Terry Spear: Brain Fog
When we write, it’s easy to get stuck on a part of our novels: where to take the hero or heroine now; how to deepen the motivation, the characterization, the plot; how to resolve this issue, or add more conflict. And so sometimes it’s like this huge crevice splits the world in two. And I’m on one side, and the rest of the story is on the other. But how in the world do I connect the dots, cross that crevice, and reach the end?
Truly? I wasn’t thinking about my current work in progress, Taming the Highland Wolf, which I’ve just started writing, but this blog, and four others I needed to write today.
Yep, it’s not just about writing the books, but writing the promotional blogs that can stall us. I did what I normally do when I’m not able to move forward: ate lunch, cleaned a little, worked on the new book, and answered some blog comments. So that did it, right? Snapped me right out of this blog fog I’m in?
Nope. :) So I called my son about Dragon Age, the Role Playing Game we both got for Christmas and I asked him how in the world I kill the drakes in the cave before I can fight the really big dragon. When I phoned him, I told him right up front I was calling about something really important. :) He laughed. When he was a kid, his boyfriends thought it was so cool to have a mother who loved to play RPGs too.
Anyway, after killing the drakes, I saved the game, will leave the big dragon for later, because I still have five blogs to write today. And answered a couple of blog comments, and wrote up author notes for another story, researched a little to make sure my information was accurate, then it was time to write this blog again.
Nothing. So I decided to write about brain fog. And it worked! Sometimes just writing about nothing will help us to cross that crevice and get us going again.
Did I get stumped when I was working on Legend of the White Wolf? I can’t remember any specifics that far back! Really!
Oh sure, there are times I’m wondering what to do next to get my characters into more of a pickle of a mess. Things are getting too quiet. Need strife. And then I brainstorm, sometimes by myself, sometimes with others. And then there are times when I’m trying to figure out how to get them out of the pickle of a mess I just got them into. It can be a lot more difficult than you think. Make the solution too easy, and it’s like that was too convenient. Too difficult, and it’s like that was too complicated. But still, we need to create problems for our characters.
Then we need some loving, and it’s got to be in the right place, at the right time, for the right reason. Or maybe not exactly for the right reason. Romance writers can get away with this. But sometimes that can stump us. Don’t want to just throw it in there for the sake of having some loving.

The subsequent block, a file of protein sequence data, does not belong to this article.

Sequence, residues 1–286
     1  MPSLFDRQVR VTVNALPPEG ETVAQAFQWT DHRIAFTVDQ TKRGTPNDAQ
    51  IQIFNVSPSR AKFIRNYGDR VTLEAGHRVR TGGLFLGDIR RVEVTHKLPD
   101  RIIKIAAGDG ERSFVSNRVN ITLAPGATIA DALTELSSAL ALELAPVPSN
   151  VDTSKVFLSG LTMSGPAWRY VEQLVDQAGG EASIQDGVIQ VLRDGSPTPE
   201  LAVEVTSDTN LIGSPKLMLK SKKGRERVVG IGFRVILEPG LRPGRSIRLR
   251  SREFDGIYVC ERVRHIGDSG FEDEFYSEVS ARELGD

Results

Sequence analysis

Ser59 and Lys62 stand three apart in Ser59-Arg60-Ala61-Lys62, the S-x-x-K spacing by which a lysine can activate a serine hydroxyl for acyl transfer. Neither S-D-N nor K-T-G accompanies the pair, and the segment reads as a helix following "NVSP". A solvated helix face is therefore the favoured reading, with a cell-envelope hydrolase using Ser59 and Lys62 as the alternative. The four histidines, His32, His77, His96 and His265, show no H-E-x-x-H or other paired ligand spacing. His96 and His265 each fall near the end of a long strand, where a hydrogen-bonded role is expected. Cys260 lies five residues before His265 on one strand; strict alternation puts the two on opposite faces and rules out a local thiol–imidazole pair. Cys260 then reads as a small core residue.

Sometimes I get stumped on how I want to begin a novel, or how I want to end it.
In any of these problem areas, trying to come up with alternate scenarios can help to break down the barrier that keeps us from writing the story. Sometimes a little research will give us a wealth of information that will be fun to include and can send us in the right direction.
So if you have brain fog, don’t let it get you down. Somewhere, somehow there’s a solution! We just have to work at it until we find it!
Do you ever have trouble with fog on the brain?
LEGEND OF THE WHITE WOLF—IN STORES FEBRUARY 2010
Award-Winning Author introduces the next installment of her paranormal romance series
A 2008 Publishers Weekly Best Book of the Year Award Winner!
Night Owl Romance Reader Choice Award for Best Paranormal 2008
In this fourth in Spear's series, Private Eye Cameron MacPherson and Faith O'Mallery are both on quests that lead them into the world of magical wolves...
Cameron arrives in the Canadian Arctic to search for his partners in his P.I. business who are late returning from a hunting trip. Faith is there to discover what her father had seen in the same area years earlier that had made him lose touch with reality—man-wolves, he called them.
The two tumble into an icy world of enemies bent on destroying the lupus garou kind. As they turn into lupus garou themselves, and bond with the pack that only they can rescue from destruction, Cameron and Faith find their soul mates in each other.
A retired lieutenant colonel in the U.S. Army Reserves, Terry Spear has an MBA from Monmouth College. As an eclectic writer, she dabbles in the paranormal, historical and true life stories for both teen and adult audiences. She is the author of Winning the Highlander’s Heart and The Vampire in My Dreams(young adult). Spear lives in Crawford, Texas.
You can find Terry at the following places: